Aspiration Adaptation Theory
AbstractAspiration adaptation theory (Sauermann and Selten, 1962), not available in English up to now, is a general model of non-optimizing boundedly rational behavior. The theory is presented in a more formal fashion than in the original paper. Moreover, the presentation is complemented by remarks on decision resources as goal variables and the way in which aspiration adaptation copes with uncertainty by risk-related goal variables. Finally, possible modifications in the light of experimental evidence are discusse
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Bibliographic InfoPaper provided by University of Bonn, Germany in its series Discussion Paper Serie B with number 389.
Date of creation: Oct 1996
Date of revision:
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Aspiration Adaptation; Bounded Rationality;
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- Castellani, Marco & Di Giovinazzo, Viviana & Novarese, Marco, 2010.
"Procedural rationality and happiness,"
Journal of Behavioral and Experimental Economics (formerly The Journal of Socio-Economics),
Elsevier, vol. 39(3), pages 376-383, June.
- Astrid Matthey & Nadja Dwenger, 2008.
"Don’t aim too high: the potential costs of high aspirations,"
SFB 649 Discussion Papers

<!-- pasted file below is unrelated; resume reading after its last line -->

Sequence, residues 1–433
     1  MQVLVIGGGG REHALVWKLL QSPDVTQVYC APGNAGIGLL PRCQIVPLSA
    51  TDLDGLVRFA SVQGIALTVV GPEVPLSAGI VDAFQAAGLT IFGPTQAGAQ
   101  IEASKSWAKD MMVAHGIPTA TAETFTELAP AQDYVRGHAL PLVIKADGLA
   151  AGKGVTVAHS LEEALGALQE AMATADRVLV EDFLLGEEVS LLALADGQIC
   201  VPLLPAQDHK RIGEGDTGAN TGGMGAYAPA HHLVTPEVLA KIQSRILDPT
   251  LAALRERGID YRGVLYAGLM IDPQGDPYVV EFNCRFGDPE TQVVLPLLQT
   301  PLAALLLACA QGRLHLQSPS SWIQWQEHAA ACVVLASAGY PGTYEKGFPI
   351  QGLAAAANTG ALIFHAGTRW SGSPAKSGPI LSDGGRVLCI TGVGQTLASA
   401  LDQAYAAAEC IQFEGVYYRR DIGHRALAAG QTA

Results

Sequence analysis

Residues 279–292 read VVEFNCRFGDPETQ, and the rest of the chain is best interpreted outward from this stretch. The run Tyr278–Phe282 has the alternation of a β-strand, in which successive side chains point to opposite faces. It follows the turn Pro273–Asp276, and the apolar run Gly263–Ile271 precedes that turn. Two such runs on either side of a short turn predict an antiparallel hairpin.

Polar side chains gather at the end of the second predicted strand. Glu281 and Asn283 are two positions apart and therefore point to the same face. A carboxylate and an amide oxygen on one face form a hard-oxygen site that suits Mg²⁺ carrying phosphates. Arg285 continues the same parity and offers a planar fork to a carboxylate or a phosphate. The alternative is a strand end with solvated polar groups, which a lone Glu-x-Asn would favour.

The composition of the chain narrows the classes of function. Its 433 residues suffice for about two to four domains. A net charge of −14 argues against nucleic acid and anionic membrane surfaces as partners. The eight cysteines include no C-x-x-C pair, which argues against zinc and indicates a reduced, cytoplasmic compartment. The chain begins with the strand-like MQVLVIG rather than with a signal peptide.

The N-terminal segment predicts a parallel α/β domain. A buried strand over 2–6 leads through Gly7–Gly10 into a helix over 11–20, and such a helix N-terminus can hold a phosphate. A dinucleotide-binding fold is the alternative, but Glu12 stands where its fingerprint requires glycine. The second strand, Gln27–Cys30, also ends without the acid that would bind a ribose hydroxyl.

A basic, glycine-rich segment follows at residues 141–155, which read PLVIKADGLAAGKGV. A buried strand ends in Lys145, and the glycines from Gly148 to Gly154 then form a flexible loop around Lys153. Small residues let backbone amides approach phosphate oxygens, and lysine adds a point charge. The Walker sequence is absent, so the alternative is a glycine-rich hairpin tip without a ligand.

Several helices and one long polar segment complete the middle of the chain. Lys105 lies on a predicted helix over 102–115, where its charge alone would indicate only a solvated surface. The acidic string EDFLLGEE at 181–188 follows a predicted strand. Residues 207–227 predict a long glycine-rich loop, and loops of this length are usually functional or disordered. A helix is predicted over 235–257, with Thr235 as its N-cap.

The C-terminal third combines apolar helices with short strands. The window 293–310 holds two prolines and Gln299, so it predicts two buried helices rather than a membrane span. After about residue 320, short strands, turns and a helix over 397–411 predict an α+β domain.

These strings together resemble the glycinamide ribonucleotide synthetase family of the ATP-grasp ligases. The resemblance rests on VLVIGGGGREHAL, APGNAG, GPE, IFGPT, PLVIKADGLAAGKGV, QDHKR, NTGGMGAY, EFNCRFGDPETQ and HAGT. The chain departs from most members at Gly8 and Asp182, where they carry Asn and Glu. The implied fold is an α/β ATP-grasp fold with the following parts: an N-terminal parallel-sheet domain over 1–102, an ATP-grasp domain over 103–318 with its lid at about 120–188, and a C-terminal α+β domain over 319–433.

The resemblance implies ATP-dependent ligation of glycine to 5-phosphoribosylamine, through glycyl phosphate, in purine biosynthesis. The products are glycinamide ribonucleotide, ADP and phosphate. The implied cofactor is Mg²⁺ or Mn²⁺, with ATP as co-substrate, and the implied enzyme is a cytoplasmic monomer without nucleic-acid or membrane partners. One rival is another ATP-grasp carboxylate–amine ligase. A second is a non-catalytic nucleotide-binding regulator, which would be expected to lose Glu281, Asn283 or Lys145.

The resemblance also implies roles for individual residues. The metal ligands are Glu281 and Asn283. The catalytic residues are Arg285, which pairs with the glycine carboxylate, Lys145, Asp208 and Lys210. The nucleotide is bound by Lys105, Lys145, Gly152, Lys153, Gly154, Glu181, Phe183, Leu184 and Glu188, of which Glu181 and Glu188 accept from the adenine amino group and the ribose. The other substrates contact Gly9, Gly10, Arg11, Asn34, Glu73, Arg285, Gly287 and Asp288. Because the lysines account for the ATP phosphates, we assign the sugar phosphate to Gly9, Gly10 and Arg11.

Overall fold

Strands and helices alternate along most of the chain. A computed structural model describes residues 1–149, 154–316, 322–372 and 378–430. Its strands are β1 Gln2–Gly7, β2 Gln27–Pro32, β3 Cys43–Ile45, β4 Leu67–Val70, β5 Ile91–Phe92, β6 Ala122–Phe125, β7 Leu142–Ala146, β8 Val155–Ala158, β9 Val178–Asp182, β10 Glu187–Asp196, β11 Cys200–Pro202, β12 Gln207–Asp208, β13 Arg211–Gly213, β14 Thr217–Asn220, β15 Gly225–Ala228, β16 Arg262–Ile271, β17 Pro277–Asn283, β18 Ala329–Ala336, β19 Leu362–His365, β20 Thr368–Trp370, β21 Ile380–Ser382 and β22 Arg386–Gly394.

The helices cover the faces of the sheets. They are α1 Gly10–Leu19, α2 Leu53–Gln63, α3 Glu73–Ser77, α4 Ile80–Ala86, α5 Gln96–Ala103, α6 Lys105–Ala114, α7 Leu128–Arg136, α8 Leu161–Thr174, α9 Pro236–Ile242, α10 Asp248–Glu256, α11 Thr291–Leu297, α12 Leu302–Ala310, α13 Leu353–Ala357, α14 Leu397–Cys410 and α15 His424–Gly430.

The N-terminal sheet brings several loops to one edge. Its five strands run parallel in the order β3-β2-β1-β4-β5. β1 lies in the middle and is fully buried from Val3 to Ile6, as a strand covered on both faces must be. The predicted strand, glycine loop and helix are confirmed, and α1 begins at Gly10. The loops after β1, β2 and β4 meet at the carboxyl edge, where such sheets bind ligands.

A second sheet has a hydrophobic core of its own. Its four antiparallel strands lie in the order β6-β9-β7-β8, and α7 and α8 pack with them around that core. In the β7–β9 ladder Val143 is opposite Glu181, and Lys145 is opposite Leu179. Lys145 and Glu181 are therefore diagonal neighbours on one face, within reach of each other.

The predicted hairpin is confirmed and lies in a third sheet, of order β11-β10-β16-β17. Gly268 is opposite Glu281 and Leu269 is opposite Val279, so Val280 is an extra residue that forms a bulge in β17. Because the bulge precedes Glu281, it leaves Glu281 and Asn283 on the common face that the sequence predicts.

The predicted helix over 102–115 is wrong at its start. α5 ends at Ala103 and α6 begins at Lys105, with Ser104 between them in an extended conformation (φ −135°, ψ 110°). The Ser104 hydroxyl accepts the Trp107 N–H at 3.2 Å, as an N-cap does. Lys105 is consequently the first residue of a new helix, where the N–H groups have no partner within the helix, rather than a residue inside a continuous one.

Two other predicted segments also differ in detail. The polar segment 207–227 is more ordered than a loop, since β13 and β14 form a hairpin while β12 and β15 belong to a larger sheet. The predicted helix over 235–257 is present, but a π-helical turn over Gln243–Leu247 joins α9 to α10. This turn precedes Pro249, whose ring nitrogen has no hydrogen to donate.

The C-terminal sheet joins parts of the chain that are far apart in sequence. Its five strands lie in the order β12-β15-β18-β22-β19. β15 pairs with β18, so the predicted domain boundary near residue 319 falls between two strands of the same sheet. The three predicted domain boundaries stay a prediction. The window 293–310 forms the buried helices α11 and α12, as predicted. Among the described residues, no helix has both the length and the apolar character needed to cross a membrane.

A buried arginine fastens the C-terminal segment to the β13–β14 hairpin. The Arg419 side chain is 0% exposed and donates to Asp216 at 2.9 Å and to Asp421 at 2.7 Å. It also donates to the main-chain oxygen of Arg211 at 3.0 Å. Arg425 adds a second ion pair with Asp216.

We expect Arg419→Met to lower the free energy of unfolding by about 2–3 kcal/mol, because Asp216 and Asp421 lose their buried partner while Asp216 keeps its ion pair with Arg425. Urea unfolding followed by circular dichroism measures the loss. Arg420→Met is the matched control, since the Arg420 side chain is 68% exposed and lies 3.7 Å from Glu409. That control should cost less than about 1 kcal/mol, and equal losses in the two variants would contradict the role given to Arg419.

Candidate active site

SFB649DP2008-011, Sonderforschungsbereich 649, Humboldt University, Berlin, Germany.
- Astrid Matthey & Nadja Dwenger, 2007. "Don't aim too high: the potential costs of high aspirations," Jena Economic Research Papers 2007-097, Friedrich-Schiller-University Jena, Max-Planck-Institute of Economics.
- Robin Pope & Reinhard Selten & Sebastian Kube & Jürgen von Hagen, 2006. "Experimental Evidence on the Benefits of Eliminating Exchange Rate Uncertainties and Why Expected Utility Theory causes Economists to Miss Them," Labsi Experimental Economics Laboratory University of Siena 010, University of Siena.
- Steffen Huck & Philippe Jehiel, 2004. "Public statistics and private experience : Varying feedback information in a take or pass game," Levine's Bibliography 122247000000000733, UCLA Department of Economics.
- Hermann Brandstätter & Werner Güth & Hartmut Kliemt, . "Philosophical, Psychological and Economic Aspects of Choice Making," Papers on Strategic Interaction 2003-06, Max Planck Institute of Economics, Strategic Interaction Group.
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